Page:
From August 2—4, 1964, Jersey City, New Jersey, was the site of one of the first race riots to occur after the passage of the Civil Rights Act of 1964. The New York Times reported that the race riot in Jersey City was instigated by the arrest of a black woman on a disorderly conduct charge. Initial estimates attributed the disorders of the first night to some 800 Afri­can Americans who were looting, throwing rocks and stones at cars, and attempting to pull people out of the cars. Civil rights leaders from the Jer­sey City Chapter of the National Association for the Advancement of

Colored People (NAACP) and the Congress of Racial Equality (CORE)

Attempted to meet with then Mayor Thomas J. Whelan on August 3 to dis­cuss the demands of the black residents of Jersey City. The first meeting with the mayor lasted only twenty-six minutes, and newspaper reports included frustrated quotes from local NAACP president Raymond A. Brown and the local head of CORE, James Bell. Raymond Brown stated that noth­ing of value happened at the meeting and James Bell believed that the may­or's solution would be to unleash police with nightstick.

Black leaders had a difficult time trying to address the issues of the 280,000 blacks who lived in Jersey City at that time. Black youths inter­viewed in the paper demanded that the mayor address the main concerns that had led to the rioting. According to one youth, this meant that city offi­cials should agree to hire more black policemen and clean up the city to make it livable. The city had limited the recreational facilities for black youth by closing parks due to what the city claimed was a lack of the nec­essary funding to keep the parks maintained.

Mayor Whelan was heavily criticized in the media by African American leaders for refusing to negotiate with them about trying to address the poor living standards and social conditions of low-income blacks. The mayor was accused of failing even to provide an open forum to discuss the best ways to proceed. On the second night of the riots, the mayor was interviewed by local reporters, who interrogated him regarding his refusal to discuss the issues with leaders from the African American community. Whelan argued that black leaders had brought in hooligan youth to negotiate with them. He also stated that the expectations for immediate resolutions were unreal­istic given the financial state of the city at the time of the riots.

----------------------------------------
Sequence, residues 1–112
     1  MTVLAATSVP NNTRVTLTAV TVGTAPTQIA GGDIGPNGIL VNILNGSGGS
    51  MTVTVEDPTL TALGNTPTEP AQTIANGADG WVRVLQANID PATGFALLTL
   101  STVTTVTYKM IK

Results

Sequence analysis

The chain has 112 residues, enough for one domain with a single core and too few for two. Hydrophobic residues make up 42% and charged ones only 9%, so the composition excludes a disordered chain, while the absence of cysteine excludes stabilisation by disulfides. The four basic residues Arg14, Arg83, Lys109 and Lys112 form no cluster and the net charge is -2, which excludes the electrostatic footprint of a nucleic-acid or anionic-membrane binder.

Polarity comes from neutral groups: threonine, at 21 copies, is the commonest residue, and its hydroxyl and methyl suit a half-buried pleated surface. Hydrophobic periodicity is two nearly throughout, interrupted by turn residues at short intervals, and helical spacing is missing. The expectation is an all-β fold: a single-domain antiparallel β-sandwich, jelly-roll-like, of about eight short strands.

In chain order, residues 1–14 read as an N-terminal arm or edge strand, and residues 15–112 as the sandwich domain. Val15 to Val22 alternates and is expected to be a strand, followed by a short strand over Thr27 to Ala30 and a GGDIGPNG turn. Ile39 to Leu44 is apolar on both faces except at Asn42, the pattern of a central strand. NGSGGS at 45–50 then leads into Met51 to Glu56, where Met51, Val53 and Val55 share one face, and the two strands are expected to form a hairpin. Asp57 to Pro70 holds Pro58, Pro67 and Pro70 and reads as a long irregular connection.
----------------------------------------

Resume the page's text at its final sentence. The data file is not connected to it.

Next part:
On the third night, 400 policemen were dispatched to deal with rioters. A group of black clergymen also went through neighborhoods in cars with bullhorns and sound equipment usually used by the NAACP for voter regis­tration. The ministers encouraged blacks to stop rioting and announced that one of their demands had been met and that the city had agreed to reopen the two local parks that had been previously closed. The final result of the riots, as reported in national newspapers, was that at least forty-six people were injured, fifty-two people were arrested, and seventy-one stores or busi­nesses were damaged. See also Long Hot Summer Riots, 1965 — 1967.

Further Readings: Apple, R. W. ''Mayor Deplores Jersey City's Lot: Whelan Links Negro Goals to Long-Term Remedies'' in special to The New York Times, August 7, 1964, 12; ''New Racial Riot Hits Jersey City as Parley Fails; Bombs and Bricks Hurled by Gangs of Youths—400 Policemen Called In; Panel Truck Set Afire; Violence Erupts as Negro Leaders and Officials Hold Futile Meetings; New Racial Riot Breaks Out in Jersey City as Parley Collapses'' in special to The New York Times, August 4, 1964, 1; Powledge, Fred. ''Scattered Violence Keeps Jersey City Tense 3d Night: 400 Policemen Confine Most of Rioters to Two Sections—Crowds Watch in Streets Despite Danger'' in special to the New York Times, August 5, 1964, 1; Powledge, Fred. ''Fighting the System: Negro Violence Viewed as a Reaction to Frustrations of Ghetto Wastelands.'' New York Times, August 6, 1964, 18; Wright, George Cable. ''Riots Were Bred in a City in Decline.'' New York Times, August 5, 1964, 36.

Kijua Sanders-McMurtry